HOT GARDEN DESIGN TRENDS FOR 2014
Spotting the hottest garden design trends is something Ellerslie International Flower Show’s General Manager Kate Hillier is uniquely placed to do.Not only does she get a sneak peak at all the designs for the upcoming Ellerslie International Flower Show, Kate’s also a regular guest and judge at top garden shows around the world.
Kate says six of the trends influencing home gardeners across the country in 2014 are:
The return of the flowerAfter more than a decade of natives, strong structural planting and hard landscaping dominating garden design, the flower is back. We’re seeing much more ornamental planting across a wider colour palette. The popularity of floral art such as flower arranging is also soaring, with people growing flowers to cut and bring back into their home.
The garden moves into the homeThe trend of merging the house into the garden, with everyone creating outdoor rooms, is reversing. Now the garden is moving back into the home. This floral trend has swept through the entire house, with flowers featuring in fabrics, homeware and other aspects of interior design.
A haven of relaxationGardens are becoming havens of relaxation, with features like fire pits and outdoor baths offering space for people to rest and rejuvenate. Designers are creating small, secluded rooms in the garden that provide peace and privacy. Gardens can evoke strong emotions and the trend right now is to provoke a blissful smile. Many of the gardens you’ll see at Ellerslie in 2014 tap into this trend.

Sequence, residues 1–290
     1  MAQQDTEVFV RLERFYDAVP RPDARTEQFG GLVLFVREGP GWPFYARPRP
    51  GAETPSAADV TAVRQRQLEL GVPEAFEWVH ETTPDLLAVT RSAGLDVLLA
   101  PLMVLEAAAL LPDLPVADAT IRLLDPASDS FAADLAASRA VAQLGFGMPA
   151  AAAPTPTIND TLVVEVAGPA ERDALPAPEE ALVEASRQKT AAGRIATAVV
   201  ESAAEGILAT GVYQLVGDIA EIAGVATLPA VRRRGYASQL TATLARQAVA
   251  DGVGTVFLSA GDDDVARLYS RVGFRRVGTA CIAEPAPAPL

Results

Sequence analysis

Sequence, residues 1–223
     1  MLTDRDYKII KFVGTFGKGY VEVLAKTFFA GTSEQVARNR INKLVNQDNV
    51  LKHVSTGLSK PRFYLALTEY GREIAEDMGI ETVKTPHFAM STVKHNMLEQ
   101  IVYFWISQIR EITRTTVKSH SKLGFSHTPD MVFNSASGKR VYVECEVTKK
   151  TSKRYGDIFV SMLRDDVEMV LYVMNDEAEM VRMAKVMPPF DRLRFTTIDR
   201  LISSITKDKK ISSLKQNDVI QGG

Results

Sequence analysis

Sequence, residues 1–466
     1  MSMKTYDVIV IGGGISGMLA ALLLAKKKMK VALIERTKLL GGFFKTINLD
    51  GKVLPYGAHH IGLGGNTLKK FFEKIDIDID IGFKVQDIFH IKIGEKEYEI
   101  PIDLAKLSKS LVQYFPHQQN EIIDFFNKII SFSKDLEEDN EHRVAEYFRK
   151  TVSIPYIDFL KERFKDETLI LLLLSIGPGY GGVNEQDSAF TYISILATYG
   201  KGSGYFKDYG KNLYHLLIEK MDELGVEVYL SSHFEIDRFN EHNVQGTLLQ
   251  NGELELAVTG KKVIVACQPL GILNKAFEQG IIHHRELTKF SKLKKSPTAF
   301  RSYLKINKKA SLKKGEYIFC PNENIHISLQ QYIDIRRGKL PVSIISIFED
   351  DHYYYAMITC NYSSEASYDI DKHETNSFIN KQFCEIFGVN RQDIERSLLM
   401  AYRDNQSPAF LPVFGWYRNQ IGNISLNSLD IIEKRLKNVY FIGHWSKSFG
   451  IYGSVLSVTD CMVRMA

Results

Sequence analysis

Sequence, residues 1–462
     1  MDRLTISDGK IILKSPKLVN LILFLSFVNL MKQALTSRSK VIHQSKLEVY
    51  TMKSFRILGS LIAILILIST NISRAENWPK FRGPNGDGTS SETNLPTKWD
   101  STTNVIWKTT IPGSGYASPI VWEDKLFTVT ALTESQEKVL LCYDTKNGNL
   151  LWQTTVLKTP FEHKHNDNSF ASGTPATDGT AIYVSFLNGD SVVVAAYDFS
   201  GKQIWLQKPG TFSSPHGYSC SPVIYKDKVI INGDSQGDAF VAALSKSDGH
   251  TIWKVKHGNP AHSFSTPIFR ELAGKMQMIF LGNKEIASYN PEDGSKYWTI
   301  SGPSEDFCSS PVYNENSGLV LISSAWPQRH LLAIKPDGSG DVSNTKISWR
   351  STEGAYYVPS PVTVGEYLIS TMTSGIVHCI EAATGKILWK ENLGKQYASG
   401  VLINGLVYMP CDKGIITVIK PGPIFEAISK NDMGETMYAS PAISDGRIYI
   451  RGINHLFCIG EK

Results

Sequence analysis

Going wild for beesBees are under threat and need all the love and pollen that gardeners and their gardens have to offer. Wildflowers are one answer – a trend that was strong at Chelsea Flower Show last year. Stunning plant schemes gave the impression a packet of wildflower seeds had been scattered wildly across the landscape, although of course the gardens had been meticulously planned and planted. There’s also an interest in seeing gardens attracting useful companion insects like spiders and beetles.
Sustainability still going strongA focus on the garden as a source of sustenance in the face of limited resources remains a strong trend. Vegetable growing remains huge. As gardens also get smaller people are looking for plants that offer a double whammy – for example a compact plum tree with beautiful blossoms in spring. Flower gardens increasingly feature blooms that are also edible or medicinal.
Seeding knowledgeMore people in the community are gaining basic gardening skills after a “lost generation”, thanks in part to more schools stepping up, people wanting to create home vegetable gardens and grandparents passing on knowledge. This is seeing a move away from instant, low maintenance gardens to people becoming more patient and growing from seed or taking cuttings.
Images (top to bottom): Trend 3 (A Haven of Relaxation); Trend 4 (Going Wild for Bees); Trend 5 (Sustainability still going Strong); and Kate Hillier, General Manager, Ellerslie International Flower Show.